More on Cognitive Surplus Credits

To elaborate on the previous post:
Clay Shirky has a Daniel-Bell-cum-Norbert Wiener-like theory that goes something like:
Earlier societies had to deal with surpluses in the form of agriculture or industrial capacity, which were problems, just like scarcities are a problem.
Our society has a cognitive surplus, resulting from too much leisure time.
In the '50s and '60s this surplus went to watching hours of TV.
In the '00s a portion of the surplus goes to making YouTubes and photocartoons of cats, as well as political activism.

It is important, now that a potentially upsetting surplus has been identified, that we begin to quantify and apportion it so its detrimental impact to society is minimized. Cognitive surplus credits would be a system similar to "cap and trade" agreements for pollution control among companies or nations.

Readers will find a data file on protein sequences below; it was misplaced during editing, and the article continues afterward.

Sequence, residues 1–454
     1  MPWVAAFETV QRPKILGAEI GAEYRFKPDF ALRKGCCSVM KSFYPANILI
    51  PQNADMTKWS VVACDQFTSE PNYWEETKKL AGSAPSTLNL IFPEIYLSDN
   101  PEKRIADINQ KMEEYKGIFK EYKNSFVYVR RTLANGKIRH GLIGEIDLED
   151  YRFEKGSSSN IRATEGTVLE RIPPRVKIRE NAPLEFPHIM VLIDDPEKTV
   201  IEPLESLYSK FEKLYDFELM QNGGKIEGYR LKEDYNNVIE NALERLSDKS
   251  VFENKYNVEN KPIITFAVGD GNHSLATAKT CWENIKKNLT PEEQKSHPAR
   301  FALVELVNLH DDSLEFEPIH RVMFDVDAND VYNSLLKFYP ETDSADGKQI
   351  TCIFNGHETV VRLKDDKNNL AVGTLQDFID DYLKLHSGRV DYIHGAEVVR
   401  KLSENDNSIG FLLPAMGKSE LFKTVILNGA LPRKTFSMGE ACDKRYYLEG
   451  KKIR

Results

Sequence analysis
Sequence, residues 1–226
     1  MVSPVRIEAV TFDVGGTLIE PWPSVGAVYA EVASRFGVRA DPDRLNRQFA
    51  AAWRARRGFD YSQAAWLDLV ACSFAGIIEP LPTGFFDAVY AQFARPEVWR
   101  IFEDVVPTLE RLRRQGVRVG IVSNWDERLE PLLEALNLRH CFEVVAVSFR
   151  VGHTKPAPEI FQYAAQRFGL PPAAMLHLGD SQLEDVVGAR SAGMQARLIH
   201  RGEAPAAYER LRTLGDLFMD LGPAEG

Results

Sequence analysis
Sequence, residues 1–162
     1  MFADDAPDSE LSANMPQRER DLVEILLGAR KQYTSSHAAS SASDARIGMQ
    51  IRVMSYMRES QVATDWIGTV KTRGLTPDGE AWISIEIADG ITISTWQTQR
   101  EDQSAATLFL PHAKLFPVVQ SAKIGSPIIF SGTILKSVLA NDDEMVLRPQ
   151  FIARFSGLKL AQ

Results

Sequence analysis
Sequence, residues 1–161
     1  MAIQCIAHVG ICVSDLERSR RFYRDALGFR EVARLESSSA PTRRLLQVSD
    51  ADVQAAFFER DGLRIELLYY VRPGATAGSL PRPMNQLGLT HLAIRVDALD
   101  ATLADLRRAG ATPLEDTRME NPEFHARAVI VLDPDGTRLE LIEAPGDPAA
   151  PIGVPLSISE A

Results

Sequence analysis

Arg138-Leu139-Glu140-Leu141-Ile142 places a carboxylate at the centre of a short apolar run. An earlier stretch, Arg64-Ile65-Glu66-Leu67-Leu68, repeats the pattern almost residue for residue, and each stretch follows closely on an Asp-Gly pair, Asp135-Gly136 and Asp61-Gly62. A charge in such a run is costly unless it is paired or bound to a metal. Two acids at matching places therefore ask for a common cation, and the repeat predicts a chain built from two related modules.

Example from the previous post (a small beginning): artists are limited in the number of YouTubes they can post vs. posts with substantive argument. YouTubes are taken off for high fiving other artists online.

Another example: You watch an hour of Lost and must devote an equal amount of time to helping Barack Obama in a get out the vote email campaign. Credits would be added and subtracted online in a database managed by an NGO run jointly by Microsoft and AT&T.